March Madness’ Cinderella

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March Madness’ Cinderella

Jack Zhang

You’ve gotta get special kids that believe they can win. This group, they’re all believers,”said Porter Moser, MVP Coach of the Year at Loyola Chicago, who led the Ramblers through a surreal 2017-18 season where the confidence of the whole team was tested.

Though their near-fanatic beliefs did not deliver them the final triumph, an NCAA Championship, they did not fail to demonstrate its incredible strength.

One of the many sources of the Ramblers’ belief comes from their chaplain Sister Jean whose presence at the game serves as a great spiritual boost. Spencer Turner ‘19 roots for the Ramblers and admires the dedication and passion demonstrated by Sister Jean: “I admire that a nun still watches and cheers for our team, it conveys incredible school spirit and that despite being 99 years of age, you can stick with something if you truly care about it.”

For the Ramblers, 2018 was indeed a year that required tremendous faith from all sources.

Having been unable to partici- pate in the NCAA tournament for 33 years, they came out of nowhere in 2018, finishing with an overall record

of 32-6, which secured them a spot to showcase themselves on a bigger stage in March.
As if their mere participation in March Madness was not miraculous enough, they upset the No.3 seed, Tennes- see, in the first round with Clay- ton Custer hitting an acrobatic fade-away with ten seconds left. Keeping their momentum high, the Ramblers advanced all the way to the Final Four. This was a place few predicted them to reach, simply because they had not advanced this far in 55 years.
In contrast to all the awe regarding their performance, coach Moser had expected such outcomes: “This is not something where it just started. These guys have been investing a long time in how hard they worked and how hard they believed.”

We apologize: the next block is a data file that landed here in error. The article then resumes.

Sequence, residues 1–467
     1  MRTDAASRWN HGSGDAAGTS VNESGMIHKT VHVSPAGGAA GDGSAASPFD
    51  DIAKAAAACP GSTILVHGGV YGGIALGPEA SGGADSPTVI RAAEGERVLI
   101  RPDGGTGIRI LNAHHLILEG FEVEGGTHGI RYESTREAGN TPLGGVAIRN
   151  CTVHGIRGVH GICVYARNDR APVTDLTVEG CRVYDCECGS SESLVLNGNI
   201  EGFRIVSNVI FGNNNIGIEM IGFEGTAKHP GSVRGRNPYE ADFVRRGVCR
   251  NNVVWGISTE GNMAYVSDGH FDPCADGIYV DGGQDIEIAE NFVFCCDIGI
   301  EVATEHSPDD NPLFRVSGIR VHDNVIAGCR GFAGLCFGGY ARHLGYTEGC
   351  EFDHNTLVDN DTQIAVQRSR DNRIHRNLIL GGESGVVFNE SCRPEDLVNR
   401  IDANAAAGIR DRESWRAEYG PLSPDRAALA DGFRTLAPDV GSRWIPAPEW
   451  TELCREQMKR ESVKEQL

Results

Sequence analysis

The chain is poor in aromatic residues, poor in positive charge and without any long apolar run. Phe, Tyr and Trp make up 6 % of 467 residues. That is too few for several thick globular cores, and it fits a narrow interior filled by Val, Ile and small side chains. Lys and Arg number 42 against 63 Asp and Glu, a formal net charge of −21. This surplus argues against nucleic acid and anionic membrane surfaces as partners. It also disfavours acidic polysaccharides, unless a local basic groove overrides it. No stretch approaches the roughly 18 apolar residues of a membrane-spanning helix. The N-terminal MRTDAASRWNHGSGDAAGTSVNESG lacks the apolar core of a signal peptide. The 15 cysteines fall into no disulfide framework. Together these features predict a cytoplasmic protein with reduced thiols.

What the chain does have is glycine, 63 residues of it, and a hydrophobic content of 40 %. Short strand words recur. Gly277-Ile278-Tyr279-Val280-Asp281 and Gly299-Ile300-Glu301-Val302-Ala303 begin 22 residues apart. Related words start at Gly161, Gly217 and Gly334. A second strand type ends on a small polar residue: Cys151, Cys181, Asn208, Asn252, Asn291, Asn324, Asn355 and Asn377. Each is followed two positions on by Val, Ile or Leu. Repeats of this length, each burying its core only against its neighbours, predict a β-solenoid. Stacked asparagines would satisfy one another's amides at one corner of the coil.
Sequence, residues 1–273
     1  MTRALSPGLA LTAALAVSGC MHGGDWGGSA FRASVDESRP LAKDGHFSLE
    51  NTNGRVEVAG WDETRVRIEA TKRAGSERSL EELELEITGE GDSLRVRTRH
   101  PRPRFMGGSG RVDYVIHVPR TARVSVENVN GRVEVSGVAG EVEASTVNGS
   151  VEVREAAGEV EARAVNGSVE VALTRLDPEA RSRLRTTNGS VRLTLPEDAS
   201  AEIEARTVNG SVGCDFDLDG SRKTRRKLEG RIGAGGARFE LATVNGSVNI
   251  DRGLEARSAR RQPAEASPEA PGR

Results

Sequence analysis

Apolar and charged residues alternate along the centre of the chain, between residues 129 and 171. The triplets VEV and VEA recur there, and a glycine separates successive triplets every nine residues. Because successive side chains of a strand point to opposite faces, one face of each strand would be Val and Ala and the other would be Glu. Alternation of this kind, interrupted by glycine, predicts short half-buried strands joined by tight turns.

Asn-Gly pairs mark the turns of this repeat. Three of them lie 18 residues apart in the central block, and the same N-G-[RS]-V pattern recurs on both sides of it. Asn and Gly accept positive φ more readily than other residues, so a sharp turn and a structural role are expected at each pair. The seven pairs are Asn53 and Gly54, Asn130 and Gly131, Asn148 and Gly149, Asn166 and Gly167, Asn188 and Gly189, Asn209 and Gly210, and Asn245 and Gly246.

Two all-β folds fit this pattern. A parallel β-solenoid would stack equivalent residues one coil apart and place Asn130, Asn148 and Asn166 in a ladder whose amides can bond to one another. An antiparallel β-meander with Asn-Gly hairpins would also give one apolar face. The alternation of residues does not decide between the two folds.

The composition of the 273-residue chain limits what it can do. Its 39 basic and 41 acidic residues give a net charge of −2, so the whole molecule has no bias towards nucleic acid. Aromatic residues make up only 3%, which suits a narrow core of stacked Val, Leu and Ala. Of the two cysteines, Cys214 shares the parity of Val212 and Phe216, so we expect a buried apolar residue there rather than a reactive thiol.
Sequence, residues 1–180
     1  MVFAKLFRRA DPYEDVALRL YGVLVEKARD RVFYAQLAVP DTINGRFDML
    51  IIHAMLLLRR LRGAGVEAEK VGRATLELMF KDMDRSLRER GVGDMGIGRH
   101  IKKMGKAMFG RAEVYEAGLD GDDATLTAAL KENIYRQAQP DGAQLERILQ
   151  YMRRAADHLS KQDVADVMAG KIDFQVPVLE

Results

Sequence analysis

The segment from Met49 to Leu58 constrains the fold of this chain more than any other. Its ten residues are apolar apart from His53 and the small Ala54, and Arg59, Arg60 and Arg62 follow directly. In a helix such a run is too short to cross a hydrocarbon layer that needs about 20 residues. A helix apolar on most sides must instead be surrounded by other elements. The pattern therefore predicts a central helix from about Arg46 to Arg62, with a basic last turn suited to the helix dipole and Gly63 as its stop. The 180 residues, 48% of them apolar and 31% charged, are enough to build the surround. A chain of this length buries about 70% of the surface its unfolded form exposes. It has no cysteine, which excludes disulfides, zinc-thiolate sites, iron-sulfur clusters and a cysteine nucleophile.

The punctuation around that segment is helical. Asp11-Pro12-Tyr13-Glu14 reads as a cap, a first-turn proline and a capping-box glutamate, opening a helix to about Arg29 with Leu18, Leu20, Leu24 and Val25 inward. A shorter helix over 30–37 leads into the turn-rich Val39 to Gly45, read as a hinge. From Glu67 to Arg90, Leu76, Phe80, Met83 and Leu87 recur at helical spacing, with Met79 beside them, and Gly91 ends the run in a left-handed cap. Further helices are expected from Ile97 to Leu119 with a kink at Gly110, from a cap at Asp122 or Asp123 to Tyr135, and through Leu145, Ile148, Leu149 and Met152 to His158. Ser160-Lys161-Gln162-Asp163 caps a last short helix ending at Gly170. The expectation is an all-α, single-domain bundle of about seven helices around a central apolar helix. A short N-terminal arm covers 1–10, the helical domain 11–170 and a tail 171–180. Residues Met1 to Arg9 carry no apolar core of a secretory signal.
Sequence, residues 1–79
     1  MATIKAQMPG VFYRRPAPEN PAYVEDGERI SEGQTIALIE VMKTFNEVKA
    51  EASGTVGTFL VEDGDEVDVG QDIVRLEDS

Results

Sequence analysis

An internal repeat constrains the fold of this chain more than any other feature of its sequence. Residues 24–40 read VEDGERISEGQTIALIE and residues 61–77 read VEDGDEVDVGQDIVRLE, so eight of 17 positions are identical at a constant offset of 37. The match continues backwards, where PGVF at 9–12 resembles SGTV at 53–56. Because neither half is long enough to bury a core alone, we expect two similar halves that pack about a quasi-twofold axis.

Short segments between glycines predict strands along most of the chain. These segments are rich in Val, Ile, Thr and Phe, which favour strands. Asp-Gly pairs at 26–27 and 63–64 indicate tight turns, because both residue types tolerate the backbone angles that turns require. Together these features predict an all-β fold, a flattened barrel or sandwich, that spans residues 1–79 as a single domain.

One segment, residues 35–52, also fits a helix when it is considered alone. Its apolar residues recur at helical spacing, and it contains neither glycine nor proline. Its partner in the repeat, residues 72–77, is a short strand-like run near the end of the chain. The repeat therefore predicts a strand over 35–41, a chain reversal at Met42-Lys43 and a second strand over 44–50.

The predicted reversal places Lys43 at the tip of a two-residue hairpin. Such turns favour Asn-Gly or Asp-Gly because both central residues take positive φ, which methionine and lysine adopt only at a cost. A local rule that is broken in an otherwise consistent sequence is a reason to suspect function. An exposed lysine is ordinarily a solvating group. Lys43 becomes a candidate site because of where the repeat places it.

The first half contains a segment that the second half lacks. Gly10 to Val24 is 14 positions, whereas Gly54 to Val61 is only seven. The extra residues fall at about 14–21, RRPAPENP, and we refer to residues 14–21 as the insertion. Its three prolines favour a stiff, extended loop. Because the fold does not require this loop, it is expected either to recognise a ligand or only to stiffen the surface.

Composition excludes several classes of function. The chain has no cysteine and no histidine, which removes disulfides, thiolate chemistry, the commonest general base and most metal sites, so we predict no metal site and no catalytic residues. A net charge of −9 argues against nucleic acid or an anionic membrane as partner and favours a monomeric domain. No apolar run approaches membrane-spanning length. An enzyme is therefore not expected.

Spencer commented on the Ramblers’ astounding achievement: “When they advanced into the final four, it made me see a true underdog and realize that we should never count someone out until it is over.” However, a harsh reality sunk in at their battle against the Michigan Wolverines, where they were unable to cope with Moritz Wagner’s constant attack to the basket and rebounding. The Ramblers eventually fell short, 57-69.

Coach Moser, shaking off the bitterness of losing, immediately grant- ed the future stars of the team with leadership roles. As he told freshmen Cameron Krutwig and Lucas Williamson: “You guys are the keepers of culture now”. Despite the miracle Ramblers pulled off last year, however, media mostly regards their accomplishment as a short-lived marvel, and holds pessimistic views toward their journey in this year’s March Madness.

ESPN staff writer Myron Medcalf said: “The fairy tale could come to an end. A team that lost three of its top six scorers could miss out on the title in a tough MVC (Missouri Valley Conference) and, with limited non-conference opportunities, miss the NCAA tournament.”

The emulative Ramblers respond- ed to such noises by maintaining their high Effective Field Goal Percentage (EFG%) and elite defense, as well as their claim of MVC title.

Cameron especially played up to his coach’s expectation. He had 16 points and six assists as Ramblers topped Bradley 81-68 to win the MVC regular-season title.

Will the young Ramblers eventually succumb to the immense pressure imposed on them, or will they prove that the shiny trophy is up for grab for anyone including them?

Spencer has hopeful words for the Ramblers: “This year I hope they can catch fire at the right time and give some tournament teams a run for their money.”

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